01:09 PM on 02/17/2010
That was a reply to another remark asserting the unfounded belief that somehow the teachers, rather than management, are at fault for dropouts and students who don't or can't learn their lessons -- which is a view held by many in these comments although there is no proof of this analysis and from the article the parents seemed to think the students were at fault for not studying. BTW there was no indication that 50% of the teachers would be rehired in the article although up to 50% could be, according to the terms of the superintendent's plans. You are certainly entitled to your beliefs and opinions, but my point was only that the article provided, nor did the superintendent, no proof or even reason why the teachers as a group should be faulted for the poor performance of the students as a group. Nor is there any proof that the actions taken based on that unfounded assertion of blame will help the problem in any way, even if it satisfies the anti-union, pro-authority bias of many of the commentators here.
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11:59 AM on 02/17/2010
When you have a system that basically grants a job for life after just 2 years worth of work (yes 2, courts say if you can do it for 2 tenure must be granted) you are left with nothing but self motivation.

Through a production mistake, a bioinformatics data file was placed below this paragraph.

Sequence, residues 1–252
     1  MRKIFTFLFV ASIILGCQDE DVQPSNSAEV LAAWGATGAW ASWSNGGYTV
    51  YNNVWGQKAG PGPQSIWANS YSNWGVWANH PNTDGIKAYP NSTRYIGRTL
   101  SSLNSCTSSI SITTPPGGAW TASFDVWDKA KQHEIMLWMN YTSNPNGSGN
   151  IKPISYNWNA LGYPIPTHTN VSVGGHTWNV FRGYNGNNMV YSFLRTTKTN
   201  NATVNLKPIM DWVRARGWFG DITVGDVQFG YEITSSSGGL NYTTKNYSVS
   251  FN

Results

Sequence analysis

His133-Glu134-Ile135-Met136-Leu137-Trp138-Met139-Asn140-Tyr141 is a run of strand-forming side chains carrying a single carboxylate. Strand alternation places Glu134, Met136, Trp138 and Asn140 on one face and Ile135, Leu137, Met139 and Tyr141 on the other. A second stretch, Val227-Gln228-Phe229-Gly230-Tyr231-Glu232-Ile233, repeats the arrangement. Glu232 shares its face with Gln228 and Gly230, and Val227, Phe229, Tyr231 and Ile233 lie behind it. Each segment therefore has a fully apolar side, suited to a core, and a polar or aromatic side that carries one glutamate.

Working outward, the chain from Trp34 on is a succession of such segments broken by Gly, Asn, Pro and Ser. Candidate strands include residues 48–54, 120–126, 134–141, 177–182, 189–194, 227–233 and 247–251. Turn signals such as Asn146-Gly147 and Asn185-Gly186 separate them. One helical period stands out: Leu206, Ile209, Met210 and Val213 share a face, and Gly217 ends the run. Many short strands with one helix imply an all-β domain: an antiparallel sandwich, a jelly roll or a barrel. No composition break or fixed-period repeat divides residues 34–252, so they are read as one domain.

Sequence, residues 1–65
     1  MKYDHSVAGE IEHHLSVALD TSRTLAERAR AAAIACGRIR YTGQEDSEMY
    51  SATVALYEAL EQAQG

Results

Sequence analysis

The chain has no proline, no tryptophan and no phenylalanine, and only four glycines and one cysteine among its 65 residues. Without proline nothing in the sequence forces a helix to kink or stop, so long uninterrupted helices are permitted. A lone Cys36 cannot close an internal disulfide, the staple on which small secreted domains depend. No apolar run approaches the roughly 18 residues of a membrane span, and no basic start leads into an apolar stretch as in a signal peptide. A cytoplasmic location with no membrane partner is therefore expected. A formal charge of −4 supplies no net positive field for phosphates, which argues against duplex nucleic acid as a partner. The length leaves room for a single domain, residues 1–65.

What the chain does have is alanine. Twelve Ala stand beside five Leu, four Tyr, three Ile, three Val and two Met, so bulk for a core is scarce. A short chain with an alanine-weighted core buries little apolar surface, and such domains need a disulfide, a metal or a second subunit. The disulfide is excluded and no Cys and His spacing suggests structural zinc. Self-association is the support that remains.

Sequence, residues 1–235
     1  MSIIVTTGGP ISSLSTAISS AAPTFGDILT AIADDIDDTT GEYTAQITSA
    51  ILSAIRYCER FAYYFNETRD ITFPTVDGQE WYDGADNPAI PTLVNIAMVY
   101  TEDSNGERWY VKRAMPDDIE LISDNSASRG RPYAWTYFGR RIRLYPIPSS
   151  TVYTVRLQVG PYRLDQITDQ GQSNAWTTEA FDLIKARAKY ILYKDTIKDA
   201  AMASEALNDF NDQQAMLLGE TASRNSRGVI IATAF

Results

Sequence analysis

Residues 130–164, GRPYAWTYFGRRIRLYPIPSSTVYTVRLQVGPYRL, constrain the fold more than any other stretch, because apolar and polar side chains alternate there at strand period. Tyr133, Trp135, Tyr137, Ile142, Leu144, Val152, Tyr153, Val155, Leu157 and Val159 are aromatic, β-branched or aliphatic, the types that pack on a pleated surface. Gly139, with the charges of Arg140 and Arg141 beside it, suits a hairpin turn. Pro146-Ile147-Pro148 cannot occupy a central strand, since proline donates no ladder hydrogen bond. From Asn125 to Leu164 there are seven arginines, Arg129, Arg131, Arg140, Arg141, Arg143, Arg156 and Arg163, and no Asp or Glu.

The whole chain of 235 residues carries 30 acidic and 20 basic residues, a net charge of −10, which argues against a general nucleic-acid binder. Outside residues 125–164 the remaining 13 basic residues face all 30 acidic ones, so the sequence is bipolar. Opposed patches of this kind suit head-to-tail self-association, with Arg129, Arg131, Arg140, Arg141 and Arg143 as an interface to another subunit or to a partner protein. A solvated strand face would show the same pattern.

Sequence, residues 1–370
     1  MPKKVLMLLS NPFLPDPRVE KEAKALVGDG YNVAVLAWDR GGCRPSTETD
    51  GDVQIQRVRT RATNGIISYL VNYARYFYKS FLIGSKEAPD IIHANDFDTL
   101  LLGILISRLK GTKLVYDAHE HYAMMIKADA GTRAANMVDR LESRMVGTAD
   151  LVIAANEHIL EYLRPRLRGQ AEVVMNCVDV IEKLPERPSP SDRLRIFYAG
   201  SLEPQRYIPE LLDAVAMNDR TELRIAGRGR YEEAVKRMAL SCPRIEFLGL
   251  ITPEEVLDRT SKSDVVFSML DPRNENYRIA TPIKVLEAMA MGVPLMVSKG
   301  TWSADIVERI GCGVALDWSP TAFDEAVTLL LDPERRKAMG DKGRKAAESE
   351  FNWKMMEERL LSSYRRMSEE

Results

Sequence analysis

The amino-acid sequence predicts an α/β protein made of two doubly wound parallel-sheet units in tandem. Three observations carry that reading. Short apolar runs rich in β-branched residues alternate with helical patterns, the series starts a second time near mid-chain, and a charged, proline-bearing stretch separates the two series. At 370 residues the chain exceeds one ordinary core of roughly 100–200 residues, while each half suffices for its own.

When you have a system that pays the absolute best teacher in a school EXACTLY the same as the absolute worst teacher in the school you are left with nothing but self motivation.

When you have a system that relies almost solely on self motivation the majority sooner or later get the "why should I work so hard when.....)" attitude.

These 3 things are the prime contributor to the issues we see with education these days and it will never be fixed until those 3 absurdities are addressed.
12:22 PM on 02/17/2010
EDUCATION SHOULD BE FREE. and the people who teach it should be passionate enough to be self motivated. period
Radical Progressive
01:11 PM on 02/17/2010
So, you do agree with me?!
02:18 PM on 02/17/2010
Why stop there? Let people who are passionate about law or medicine practice for free. Writers, actors, architects, police and military, news reporters, bankers---anyone who loves their work should do it for free. And you--you should work for free too. Period.
12:50 PM on 02/17/2010
Nailed it! I'll be your first fan.
Radical Progressive
11:46 AM on 02/17/2010
I believe teaching is one of the most honorable professions one could pursue. However, I do not believe all educators are honorable people. I also do not believe they are all qualified nor effective teachers.

Anyone can teach a smart kid, all you have to do is show up. The real test is what you can accomplish with the kid that comes to school hungry, unable to read, no desire to learn, lacking a reference point for the lesson, no support system, no help with homework, no responsible adults to turn to, disrespectful, unruly, disruptive. What should happen to these kids? Should teachers use these disadvantages as an excuse for not being able to teach these students?